Hot restart is much different than hot reload. In Hot restart it destroys the preserves State value and set them to their default. So if you are using States value in your application then After every hot restart the developer gets fully compiled application and all the states will set to their defaults. The app widget tree is completely rebuilt with new typed code. Hot Restart takes much higher time than Hot reload
6.What is an
7.Why is the build() method on State and not StatefulWidget?
8.What is a
pubspec file in Dart?
The pubspec file manages the assets and dependencies for a Flutter app.
9.How is Flutter native?
Flutter uses only the canvas of the native platform and draws the UI and all the components from scratch. All the UI elements look the same as native ones. This mainly reduces the burden of time for converting through some language to the native one and speeds up the UI rendering time. As a result, the UI performance is remarkably high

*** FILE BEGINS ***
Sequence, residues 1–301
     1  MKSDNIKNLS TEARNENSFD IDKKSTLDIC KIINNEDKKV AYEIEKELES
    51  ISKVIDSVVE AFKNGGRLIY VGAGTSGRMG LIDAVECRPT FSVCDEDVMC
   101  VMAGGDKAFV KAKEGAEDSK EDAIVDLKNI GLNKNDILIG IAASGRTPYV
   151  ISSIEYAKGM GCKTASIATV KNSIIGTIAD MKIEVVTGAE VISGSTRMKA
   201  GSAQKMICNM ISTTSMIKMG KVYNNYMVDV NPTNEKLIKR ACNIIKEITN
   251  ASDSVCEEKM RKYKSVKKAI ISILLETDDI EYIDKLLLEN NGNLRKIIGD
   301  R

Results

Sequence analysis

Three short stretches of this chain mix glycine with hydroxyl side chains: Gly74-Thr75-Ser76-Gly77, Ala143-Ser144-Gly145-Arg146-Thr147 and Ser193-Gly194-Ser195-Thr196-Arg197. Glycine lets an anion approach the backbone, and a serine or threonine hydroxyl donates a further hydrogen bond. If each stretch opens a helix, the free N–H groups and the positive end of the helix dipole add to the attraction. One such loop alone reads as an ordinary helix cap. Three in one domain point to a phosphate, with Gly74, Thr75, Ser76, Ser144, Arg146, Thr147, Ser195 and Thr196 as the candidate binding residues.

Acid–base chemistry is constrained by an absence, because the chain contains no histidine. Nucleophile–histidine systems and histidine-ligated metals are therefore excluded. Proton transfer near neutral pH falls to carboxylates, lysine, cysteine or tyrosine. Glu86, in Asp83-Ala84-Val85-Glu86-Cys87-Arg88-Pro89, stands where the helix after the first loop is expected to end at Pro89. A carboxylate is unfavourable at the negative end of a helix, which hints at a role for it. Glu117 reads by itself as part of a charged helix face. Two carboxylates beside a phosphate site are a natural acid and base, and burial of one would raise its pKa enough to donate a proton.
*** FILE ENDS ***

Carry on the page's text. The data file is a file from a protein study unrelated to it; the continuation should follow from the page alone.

10.What is a
Navigator and what are
Routes in Flutter?
Navigation and routing are some of the core concepts of all mobile application, which allows the user to move between different pages. We know that every mobile application contains several screens for displaying different types of information. For example, an app can have a screen that contains various products. When the user taps on that product, immediately it will display detailed information about that product
11.What is a
Allow us to add animation transaction to the route
Async means that this function is asynchronous and you might need to wait a bit to get its result.